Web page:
"I put in 12-hour days, but it doesn't feel like work." (Peter Yang)

Electrical Engineer > Adventure Outfitter

Cliff Hodges, 31, Santa Cruz, California


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The same day I handed in my master’s thesis in electrical engineering at MIT in 2004, I left Boston for Santa Cruz. By ­August I had a job in Silicon Valley developing flash memory for computers. It was straight out of Office Space: I worked in the basement, and I hated it. Three months later, my father had a stroke. When I was with him in the hospital, I asked myself, Is this really what I want to do with my life? I never went back to that job. I took out a loan and in early 2005 founded Adventure Out to teach what I really love: surfing, climbing, and wilderness survival. I lived in my childhood bed­room for that first year, drove all over California, and taught 250 people by myself. Last year my 20 employees and I had more than 4,000 students, and about a third of them were groups from corporations and schools. The work ethic I learned at MIT is actually a large part of why we’re successful—I still put in 12-hour days, but what I do doesn’t feel like work.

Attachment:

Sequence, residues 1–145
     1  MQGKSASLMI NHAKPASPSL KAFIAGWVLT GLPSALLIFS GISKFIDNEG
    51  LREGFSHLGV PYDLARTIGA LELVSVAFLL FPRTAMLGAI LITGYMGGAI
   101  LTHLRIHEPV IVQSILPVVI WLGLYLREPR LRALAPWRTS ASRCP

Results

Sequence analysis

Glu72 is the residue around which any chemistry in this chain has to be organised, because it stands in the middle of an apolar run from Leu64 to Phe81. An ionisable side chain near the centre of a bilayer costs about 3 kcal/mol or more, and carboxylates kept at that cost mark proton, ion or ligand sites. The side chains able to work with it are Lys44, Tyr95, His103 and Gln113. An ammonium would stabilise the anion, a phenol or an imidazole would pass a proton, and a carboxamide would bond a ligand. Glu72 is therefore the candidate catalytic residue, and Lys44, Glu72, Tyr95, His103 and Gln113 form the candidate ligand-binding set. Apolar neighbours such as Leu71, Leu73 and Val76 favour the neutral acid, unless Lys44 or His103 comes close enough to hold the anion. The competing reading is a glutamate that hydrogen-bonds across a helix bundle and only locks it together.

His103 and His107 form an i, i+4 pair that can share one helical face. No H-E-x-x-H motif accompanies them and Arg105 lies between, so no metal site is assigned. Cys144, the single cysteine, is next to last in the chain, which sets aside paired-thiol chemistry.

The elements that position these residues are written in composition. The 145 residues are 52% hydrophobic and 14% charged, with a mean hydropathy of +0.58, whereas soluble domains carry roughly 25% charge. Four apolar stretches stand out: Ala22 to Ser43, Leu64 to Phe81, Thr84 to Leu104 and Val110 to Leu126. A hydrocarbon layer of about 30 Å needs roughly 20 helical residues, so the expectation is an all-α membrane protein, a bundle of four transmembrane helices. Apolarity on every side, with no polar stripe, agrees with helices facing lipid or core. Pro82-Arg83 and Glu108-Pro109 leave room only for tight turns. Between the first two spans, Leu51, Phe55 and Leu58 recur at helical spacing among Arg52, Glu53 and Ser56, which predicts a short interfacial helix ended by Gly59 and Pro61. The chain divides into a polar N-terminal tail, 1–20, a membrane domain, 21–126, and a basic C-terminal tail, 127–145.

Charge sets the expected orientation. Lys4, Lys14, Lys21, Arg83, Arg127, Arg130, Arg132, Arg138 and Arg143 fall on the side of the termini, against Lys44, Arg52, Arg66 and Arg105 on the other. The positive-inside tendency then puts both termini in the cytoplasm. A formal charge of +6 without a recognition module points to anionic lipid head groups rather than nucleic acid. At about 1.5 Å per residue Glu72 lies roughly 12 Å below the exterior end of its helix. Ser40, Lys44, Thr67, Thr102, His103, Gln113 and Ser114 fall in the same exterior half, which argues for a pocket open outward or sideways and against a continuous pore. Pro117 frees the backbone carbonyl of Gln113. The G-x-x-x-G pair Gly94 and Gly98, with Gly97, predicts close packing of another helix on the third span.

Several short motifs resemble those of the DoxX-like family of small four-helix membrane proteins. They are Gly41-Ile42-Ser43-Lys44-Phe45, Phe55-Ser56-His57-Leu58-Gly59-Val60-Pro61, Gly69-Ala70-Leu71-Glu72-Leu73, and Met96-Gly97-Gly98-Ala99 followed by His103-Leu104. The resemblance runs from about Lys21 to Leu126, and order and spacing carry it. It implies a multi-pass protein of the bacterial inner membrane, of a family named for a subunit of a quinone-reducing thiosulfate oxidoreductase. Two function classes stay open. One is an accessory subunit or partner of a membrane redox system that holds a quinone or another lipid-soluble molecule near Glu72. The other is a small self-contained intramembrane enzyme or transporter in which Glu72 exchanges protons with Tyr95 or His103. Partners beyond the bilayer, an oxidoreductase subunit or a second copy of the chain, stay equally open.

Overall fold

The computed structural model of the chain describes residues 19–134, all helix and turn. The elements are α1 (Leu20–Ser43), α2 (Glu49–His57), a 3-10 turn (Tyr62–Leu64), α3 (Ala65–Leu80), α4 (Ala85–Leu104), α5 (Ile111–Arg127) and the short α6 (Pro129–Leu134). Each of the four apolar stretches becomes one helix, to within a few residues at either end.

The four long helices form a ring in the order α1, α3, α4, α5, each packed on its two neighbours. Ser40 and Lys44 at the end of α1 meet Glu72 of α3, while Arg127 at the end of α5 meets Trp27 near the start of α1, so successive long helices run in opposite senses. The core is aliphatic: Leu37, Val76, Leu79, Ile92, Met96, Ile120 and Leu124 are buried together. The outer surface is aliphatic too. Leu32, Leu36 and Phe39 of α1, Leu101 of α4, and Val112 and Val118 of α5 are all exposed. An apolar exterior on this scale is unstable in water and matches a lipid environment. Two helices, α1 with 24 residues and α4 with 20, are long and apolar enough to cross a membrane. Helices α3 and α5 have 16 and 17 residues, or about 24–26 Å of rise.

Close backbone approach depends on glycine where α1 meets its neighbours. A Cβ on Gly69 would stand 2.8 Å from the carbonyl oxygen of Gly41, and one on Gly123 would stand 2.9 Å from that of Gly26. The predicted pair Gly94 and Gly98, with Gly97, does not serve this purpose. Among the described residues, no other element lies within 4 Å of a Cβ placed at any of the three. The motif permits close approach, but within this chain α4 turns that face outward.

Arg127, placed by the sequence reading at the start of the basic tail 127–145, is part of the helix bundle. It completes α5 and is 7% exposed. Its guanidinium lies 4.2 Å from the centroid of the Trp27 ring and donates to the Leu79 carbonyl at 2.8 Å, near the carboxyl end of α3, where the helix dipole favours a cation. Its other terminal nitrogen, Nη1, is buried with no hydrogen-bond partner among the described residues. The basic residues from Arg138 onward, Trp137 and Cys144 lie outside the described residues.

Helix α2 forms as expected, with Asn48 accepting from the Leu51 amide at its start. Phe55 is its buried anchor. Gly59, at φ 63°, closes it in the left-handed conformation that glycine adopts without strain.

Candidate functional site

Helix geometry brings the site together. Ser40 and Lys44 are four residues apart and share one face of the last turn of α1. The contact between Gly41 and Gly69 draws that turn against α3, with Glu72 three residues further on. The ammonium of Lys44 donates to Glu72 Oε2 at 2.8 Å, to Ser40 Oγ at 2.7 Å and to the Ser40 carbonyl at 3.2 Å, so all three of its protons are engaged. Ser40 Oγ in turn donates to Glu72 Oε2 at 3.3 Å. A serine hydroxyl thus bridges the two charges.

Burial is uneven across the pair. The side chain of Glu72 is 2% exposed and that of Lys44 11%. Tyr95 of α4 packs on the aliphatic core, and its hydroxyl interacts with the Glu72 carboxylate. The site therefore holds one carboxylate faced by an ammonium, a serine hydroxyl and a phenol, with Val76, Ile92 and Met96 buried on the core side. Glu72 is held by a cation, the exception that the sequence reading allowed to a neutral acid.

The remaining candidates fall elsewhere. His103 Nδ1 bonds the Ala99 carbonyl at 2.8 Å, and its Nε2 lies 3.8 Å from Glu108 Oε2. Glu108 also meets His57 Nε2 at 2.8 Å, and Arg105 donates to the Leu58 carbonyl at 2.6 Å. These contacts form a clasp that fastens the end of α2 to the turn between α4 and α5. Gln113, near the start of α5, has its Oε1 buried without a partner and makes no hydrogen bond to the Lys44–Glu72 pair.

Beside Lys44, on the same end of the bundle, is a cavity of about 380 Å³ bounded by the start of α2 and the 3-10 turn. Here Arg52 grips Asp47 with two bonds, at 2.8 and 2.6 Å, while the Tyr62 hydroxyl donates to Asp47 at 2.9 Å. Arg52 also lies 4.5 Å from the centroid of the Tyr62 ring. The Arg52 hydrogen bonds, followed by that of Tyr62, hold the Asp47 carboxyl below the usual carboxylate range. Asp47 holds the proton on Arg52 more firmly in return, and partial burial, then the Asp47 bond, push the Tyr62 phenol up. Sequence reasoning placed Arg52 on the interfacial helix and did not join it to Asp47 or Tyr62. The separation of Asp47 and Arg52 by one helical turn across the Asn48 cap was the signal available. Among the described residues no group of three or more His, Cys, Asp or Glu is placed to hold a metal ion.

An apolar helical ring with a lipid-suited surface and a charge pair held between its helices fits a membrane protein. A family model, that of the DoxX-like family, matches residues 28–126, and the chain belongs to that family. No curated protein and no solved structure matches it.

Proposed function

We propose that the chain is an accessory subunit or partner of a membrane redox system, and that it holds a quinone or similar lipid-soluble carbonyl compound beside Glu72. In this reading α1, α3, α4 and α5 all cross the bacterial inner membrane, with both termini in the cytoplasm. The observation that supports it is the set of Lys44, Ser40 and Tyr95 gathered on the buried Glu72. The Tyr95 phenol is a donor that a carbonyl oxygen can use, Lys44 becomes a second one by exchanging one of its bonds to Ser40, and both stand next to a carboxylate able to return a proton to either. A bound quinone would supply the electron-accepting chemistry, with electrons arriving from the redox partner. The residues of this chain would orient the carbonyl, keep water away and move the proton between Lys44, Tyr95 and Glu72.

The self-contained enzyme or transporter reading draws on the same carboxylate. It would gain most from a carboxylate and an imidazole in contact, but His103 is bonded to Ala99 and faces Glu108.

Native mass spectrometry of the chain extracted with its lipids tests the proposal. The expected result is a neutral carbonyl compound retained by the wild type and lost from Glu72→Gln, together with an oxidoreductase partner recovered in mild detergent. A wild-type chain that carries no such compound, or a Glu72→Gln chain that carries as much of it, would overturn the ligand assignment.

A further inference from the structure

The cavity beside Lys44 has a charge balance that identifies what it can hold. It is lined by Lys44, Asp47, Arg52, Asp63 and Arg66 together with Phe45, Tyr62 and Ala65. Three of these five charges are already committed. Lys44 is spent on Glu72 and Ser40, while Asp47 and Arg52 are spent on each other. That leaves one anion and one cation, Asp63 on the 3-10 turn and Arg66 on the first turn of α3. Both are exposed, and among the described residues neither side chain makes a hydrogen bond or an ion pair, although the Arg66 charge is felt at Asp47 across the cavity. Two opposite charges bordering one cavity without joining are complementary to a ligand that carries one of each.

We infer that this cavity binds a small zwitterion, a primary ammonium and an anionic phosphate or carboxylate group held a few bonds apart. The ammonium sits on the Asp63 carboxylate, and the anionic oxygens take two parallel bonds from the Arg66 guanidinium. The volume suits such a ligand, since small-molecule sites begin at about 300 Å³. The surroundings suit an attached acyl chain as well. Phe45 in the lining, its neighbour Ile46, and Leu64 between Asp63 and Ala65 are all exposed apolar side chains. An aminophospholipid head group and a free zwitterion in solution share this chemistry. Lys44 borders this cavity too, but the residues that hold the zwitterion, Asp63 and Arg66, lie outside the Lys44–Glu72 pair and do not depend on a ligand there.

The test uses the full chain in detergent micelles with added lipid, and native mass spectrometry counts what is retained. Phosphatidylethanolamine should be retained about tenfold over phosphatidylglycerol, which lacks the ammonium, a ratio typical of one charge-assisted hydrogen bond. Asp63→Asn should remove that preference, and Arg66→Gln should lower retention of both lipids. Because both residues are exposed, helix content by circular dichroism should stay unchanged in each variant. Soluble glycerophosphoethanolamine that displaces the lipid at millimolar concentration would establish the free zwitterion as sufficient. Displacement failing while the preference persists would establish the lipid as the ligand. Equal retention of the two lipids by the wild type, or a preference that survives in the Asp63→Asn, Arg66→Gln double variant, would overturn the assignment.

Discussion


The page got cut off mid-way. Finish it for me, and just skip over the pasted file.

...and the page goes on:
HOW YOU CAN DO IT: Get training from an established program like NOLS (look into the outdoor-­educator courses listed at nols.edu), then scout out an ideal location for your base of operations. You want to be next to public lands that you know intimately—and that have permits available for guiding services (quotas often fill quickly). Approximate income range: $20,000–$150,000 a year.

From Outside Magazine, Sep 2011
Filed to:
Lead Photo: Peter Yang

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